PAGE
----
Track star's son graduates from Basic Combat Training

By Andrew McIntyre, Fort Jackson LeaderFebruary 11, 2015

Track star's son graduates from Basic Combat Training
Olympic great Carl Lewis congratulates his son, Pvt. Bakim Lewis, on graduating Basic Combat Training Feb. 5, 2015, at Hilton Field on Fort Jackson, S.C. Pvt. Lewis will move on to Advanced Individual Training at Fort Lee, Va., to become an automated... (Photo Credit: U.S. Army) VIEW ORIGINAL

FORT JACKSON, S.C. (Feb. 12, 2015) -- Like many other Soldiers, Pvt. Bakim Lewis joined the Army to continue the family tradition of representing the United States -- although he does so in a slightly different way than his father.

Lewis, who graduated from Basic Combat Training with the 2nd Battalion, 13th Infantry Regiment, Feb. 5, is the grandson of track and field athlete, Evelyn Lawler, the nephew of long jumper, Carol Lewis, and the son of nine-time Olympic gold medalist, Carl Lewis.

Carl Lewis attended graduation to show his support for his new Soldier.

"This is just pretty amazing to see all these parents come together from all (over) the world and watch their child graduate to become a Soldier," the elder Lewis said.

He said he saw apprehension in his son before he left.

"I think his nervousness was from the idea that he did not want to be sent here without knowing what it was going to be like," the father said. "Now, what I see is his transformation is just summed up in one word -- purpose. What I see out of Bakim now is that he has a clear purpose. Now it's like, 'I know what my life can be and I can control that and I know someone is going to be there to support me all the way."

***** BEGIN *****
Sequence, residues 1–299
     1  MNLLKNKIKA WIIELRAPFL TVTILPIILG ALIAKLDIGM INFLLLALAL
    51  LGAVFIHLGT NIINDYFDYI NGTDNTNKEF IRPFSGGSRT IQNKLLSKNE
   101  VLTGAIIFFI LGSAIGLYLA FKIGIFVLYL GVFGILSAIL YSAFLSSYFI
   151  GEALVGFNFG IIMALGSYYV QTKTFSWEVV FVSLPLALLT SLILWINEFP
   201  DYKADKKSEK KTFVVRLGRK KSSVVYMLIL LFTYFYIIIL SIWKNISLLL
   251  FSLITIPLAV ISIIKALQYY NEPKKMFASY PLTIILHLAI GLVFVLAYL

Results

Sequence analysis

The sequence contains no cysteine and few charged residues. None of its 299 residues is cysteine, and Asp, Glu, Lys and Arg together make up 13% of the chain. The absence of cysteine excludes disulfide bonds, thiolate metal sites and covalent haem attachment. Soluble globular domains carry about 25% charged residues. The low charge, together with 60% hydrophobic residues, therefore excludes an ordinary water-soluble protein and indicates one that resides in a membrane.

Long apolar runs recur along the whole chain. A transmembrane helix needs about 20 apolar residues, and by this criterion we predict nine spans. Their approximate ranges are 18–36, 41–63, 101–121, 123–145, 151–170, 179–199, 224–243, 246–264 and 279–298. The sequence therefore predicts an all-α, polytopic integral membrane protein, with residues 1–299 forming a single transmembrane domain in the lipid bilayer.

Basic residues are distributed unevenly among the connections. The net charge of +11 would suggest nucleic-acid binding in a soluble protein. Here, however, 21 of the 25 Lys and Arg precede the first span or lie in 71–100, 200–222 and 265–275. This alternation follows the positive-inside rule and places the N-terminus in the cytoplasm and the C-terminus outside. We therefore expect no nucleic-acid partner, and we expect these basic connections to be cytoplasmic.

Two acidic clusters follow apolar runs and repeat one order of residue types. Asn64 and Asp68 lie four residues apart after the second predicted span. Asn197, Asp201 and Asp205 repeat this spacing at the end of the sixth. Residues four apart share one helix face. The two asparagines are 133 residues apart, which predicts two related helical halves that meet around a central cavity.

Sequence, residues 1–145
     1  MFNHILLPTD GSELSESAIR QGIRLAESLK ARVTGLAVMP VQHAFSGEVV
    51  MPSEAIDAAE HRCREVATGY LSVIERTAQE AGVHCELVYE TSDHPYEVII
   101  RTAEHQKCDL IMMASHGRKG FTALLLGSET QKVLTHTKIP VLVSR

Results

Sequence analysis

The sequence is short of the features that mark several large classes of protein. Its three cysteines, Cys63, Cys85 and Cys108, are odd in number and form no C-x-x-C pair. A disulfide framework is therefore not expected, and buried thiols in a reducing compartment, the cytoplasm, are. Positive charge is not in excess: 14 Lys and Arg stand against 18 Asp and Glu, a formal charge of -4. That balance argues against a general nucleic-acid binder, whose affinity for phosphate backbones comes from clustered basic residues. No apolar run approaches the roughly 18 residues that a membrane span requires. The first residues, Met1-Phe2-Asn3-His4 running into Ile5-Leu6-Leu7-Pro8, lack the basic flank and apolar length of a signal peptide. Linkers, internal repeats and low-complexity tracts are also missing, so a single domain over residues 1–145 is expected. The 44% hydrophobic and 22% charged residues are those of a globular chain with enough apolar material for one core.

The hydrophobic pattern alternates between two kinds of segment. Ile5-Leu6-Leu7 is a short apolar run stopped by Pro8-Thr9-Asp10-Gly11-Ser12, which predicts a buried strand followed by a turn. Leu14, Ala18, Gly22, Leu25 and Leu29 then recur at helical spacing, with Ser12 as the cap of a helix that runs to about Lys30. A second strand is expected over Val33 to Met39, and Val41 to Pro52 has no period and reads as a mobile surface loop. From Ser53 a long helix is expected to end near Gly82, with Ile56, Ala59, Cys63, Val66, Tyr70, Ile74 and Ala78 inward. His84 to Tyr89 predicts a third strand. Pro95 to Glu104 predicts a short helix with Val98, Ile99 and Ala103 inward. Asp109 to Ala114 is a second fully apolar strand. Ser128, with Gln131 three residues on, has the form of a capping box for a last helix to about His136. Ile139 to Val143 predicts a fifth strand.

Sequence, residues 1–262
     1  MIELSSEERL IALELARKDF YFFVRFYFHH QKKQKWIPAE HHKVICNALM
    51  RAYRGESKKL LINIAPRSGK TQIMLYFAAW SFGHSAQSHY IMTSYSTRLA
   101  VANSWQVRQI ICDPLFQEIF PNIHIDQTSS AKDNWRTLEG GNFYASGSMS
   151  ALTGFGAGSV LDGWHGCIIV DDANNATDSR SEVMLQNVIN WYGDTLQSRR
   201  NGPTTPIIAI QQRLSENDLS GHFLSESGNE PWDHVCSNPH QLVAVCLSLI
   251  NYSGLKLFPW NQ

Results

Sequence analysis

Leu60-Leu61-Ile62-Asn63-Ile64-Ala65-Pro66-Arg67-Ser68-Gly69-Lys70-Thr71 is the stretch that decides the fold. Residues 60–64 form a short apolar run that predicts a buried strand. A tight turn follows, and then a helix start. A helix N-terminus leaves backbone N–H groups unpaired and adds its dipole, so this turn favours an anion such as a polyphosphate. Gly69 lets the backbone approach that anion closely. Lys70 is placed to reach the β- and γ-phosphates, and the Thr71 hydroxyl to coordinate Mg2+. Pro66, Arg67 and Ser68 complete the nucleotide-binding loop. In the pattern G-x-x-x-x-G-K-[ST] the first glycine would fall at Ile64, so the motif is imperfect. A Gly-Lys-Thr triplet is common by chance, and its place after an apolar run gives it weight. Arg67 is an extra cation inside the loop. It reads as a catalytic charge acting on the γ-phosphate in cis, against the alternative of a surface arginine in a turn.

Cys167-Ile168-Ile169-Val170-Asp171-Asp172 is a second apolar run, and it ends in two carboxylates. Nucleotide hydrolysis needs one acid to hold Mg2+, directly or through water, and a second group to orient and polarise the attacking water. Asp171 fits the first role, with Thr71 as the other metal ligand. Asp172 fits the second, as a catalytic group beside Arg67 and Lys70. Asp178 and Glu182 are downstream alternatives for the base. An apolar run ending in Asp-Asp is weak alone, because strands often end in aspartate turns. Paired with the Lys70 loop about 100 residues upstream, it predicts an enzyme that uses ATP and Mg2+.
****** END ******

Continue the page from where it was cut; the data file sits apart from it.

The track star said upon graduating high school he told his son he had three choices.

"Either you can work for me, yourself or the government. You move out on your own, get a job, pay for your own health care. If you work for me you go to school full-time, or the government you go to the military -- that's it," the father said.

The younger Lewis said serving his country was always his first choice, not track and field.

"Believe it or not, joining the Army was actually my first choice. Although I moved to multiple schools, I participated in Army Junior Reserve Officer Training Corps and I loved it," the Soldier said. "I was always called on to lead these packs of cadets to teach them the rules and the way things were put together."

The Soldier said, although Junior ROTC is not the same as the actual military, it still gave him his first taste of camaraderie and military discipline.

"I still just procrastinated a lot with making the final decision to join, so I decided to go to college and then after about a year in to college at the MediaTech -- Institute for Technical Arts I decided this was not for me and decided to join the Army," he said.

He said he struggled a little with the physical training during Basic Combat Training.

"Coming into the Army I was not as fit as everyone else may have been, but I am very athletic," he said. "At my first physical fitness test my pushups and situps were borderline passing, and then my run I just blew it out of the water, so I got a lot of questions like, 'How did you just do 35 pushups and then turn around and do less than 13 minutes on your two-mile run?'"

The Soldier said his answer was, "Running is just my thing. I am just good at it."

"I also told them my dad ran track, and one thing led to another and then word just spread all over the place," he said.

The track star said he is proud of his son's decision.

"For me, I can kind of exhale a little bit now because I feel that he is on a great path," he said. "Of all the things my family has done, Bakim is going to be the one whom the average person walks up to every day and thanks him for his everyday service, and I am really proud of that. ... He is my hero and little knucklehead, but he'll also be millions and millions of other people's hero as well."

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